The re­sults

The vol­canic Etna re­gion has thrilling po­ten­tial, said our tasters, but wines are best in younger vin­tages and when made in a fresh, vi­brant style. Amy Wis­locki re­ports

Decanter - - DECANTER -

LikE so mAny reds from italy, these wines show far bet­ter over a re­laxed meal than in a for­mal, tast­ing room en­vi­ron­ment – ‘they would per­form much bet­ter on the ta­ble’, com­mented An­drea Bric­carello. Emily o’Hare agreed that Etna reds make great food wines: ‘They’re re­ally good all-rounders be­cause of all that acid­ity and tan­nin. And the tan­nin in them isn’t as dra­matic as in neb­bi­olo, so they can even pair well with fish dishes. They’re a re­ally smart op­tion when din­ing out.’

That said, the tasters ques­tioned the bal­ance of some of the wines. ‘i re­ally like nerello masacalese as a grape,’ said michael Gar­ner, ‘es­pe­cially the aro­mas. But the vol­ume here is al­ways turned up to 11, Spinal Tap style – you’ve got high acid­ity and high tan­nins, all blast­ing out. As a neb­bi­olo ad­dict, i should be able to deal with tan­nins, but i’m not sure with nerello mas­calese that i’m get­ting the depth of fruit that i get with other very tan­nic va­ri­eties like neb­bi­olo. i def­i­nitely pre­fer sim­pler styles of nerello mas­calese be­cause the dan­ger of over-ex­trac­tion in the va­ri­ety is very ap­par­ent.’

Bric­carello also found some of wines ‘too ex­tracted, too over­worked and too over­done’, adding that the va­ri­ety needs care­ful han­dling. o’Hare on the other hand en­joyed the tan­nins, de­scrib­ing them as ‘im­pres­sively firm, but not too high’. she con­cluded: ‘if you like the ex­pres­sion of Pinot noir with the char­ac­ter of neb­bi­olo, this is an in­ter­est­ing wine.’

At the same time, the tasters were un­con­vinced by the com­par­i­son that is of­ten drawn be­tween Etna Rosso and Pinot noir or neb­bi­olo – of­ten prompted by the lighter colour of nerello mas­calese in the glass. ‘i don’t think it’s a fair com­par­i­son – i think Etna reds de­serve their own space,’ stated o’Hare. ‘Also, i found the aro­mas more Bordeaux-like than Bur­gundy-like. And for me, the wines we tasted lacked the depth of fruit of Pinot noir and the drama of neb­bi­olo.’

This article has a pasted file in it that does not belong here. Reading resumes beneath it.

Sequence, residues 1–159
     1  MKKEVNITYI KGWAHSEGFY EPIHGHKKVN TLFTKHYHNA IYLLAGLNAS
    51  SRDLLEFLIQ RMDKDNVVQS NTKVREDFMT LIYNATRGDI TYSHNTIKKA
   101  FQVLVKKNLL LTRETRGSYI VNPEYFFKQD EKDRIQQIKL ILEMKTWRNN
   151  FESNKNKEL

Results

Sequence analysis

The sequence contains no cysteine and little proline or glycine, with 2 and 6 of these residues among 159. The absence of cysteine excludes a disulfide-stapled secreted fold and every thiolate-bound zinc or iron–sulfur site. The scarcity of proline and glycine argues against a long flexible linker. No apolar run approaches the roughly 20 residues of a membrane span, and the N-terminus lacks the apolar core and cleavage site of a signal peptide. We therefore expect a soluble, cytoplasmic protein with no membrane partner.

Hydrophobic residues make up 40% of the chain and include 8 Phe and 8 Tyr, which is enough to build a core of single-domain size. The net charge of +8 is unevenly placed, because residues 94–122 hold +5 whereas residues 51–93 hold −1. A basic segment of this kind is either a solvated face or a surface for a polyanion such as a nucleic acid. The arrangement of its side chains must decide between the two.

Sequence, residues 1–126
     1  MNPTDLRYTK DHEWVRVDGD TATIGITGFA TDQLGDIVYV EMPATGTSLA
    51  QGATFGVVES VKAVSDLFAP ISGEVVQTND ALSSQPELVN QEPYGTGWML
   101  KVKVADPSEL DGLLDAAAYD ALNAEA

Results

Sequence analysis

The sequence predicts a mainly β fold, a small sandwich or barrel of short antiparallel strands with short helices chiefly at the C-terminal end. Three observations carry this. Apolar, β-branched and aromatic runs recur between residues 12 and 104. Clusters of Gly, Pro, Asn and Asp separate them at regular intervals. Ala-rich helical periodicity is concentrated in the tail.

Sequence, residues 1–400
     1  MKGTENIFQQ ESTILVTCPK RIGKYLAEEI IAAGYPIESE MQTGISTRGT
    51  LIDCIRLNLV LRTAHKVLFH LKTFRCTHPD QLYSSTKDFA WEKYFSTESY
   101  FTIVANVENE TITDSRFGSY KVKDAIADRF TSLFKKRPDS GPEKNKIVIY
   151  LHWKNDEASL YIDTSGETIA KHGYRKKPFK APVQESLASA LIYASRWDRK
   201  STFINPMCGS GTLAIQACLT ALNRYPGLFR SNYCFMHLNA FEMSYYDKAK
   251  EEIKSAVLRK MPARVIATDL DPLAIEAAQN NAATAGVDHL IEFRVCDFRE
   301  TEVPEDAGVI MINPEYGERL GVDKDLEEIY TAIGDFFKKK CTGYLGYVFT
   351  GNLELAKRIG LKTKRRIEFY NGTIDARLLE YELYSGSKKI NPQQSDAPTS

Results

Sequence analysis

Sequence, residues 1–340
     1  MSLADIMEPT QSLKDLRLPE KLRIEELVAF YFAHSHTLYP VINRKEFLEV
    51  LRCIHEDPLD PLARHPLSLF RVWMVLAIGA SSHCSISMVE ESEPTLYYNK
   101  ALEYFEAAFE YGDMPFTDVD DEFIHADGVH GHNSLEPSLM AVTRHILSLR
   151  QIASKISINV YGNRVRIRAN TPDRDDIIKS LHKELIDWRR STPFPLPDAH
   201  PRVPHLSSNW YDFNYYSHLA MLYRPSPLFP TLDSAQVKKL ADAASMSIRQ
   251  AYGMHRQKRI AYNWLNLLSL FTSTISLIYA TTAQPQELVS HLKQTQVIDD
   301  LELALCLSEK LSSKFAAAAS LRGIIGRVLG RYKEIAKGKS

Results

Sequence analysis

What these wines can of­fer in spades, said Gar­ner and o’Hare, is a sense of place – a real iden­tity. ‘The wines have a very par­tic­u­lar char­ac­ter and you wouldn’t con­fuse them with any­thing else,’ said Gar­ner. ‘There is a real trans­parency to them,’ chimed in o’Hare. ‘They have a great ter­roir char­ac­ter and i’m con­vinced that given time that could be­come more in­ter­est­ing.’

All the tasters felt that the re­gion is still young and evolv­ing in wine­mak­ing terms. ‘it re­minds me of Barolo 30 years ago,’ said Gar­ner. ‘Etna as a phe­nom­e­non has been born in the last 10 or 12 years. There isn’t a fan­tas­tic amount of tra­di­tion, knowl­edge and ex­pe­ri­ence there.’

some pro­duc­ers are over­work­ing the wines, ob­served Bric­carello, be­cause they are look­ing for sales in mar­kets, such as the Us, which pre­fer a big­ger, more oaky style. ‘But in the Uk we prob­a­bly pre­fer the tighter, cleaner style. i want to see fresh­ness, vi­brancy and fruit in these wines.’ This helps to ex­plain why the pref­er­ence was for the younger vin­tages, par­tic­u­larly 2015 and 2014.

The gen­eral view on longevity was that these are not wines for long-term cel­lar­ing. ‘i didn’t see any wine that i’d want to drink af­ter 10 years, largely be­cause they lack the depth of fruit to age well,’ re­flected Gar­ner. Bric­carello felt the wines with a pro­por­tion of nerello Ca­puc­cio in the blend did of­fer more fruit, and Gar­ner also pre­ferred these, find­ing them less as­trin­gent and bet­ter bal­anced. in the other camp, o’Hare was sur­prised to find she pre­ferred the va­ri­etal mas­calese wines, de­scrib­ing them as ‘charm­ing’.

En­try cri­te­ria: pro­duc­ers and UK agents were in­vited to sub­mit their lat­est- re­lease Etna Rosso DOC wines

‘If you like the ex­pres­sion of Pinot Noir and the Neb­bi­olo char­ac­ter, try these’ Emily O’Hare

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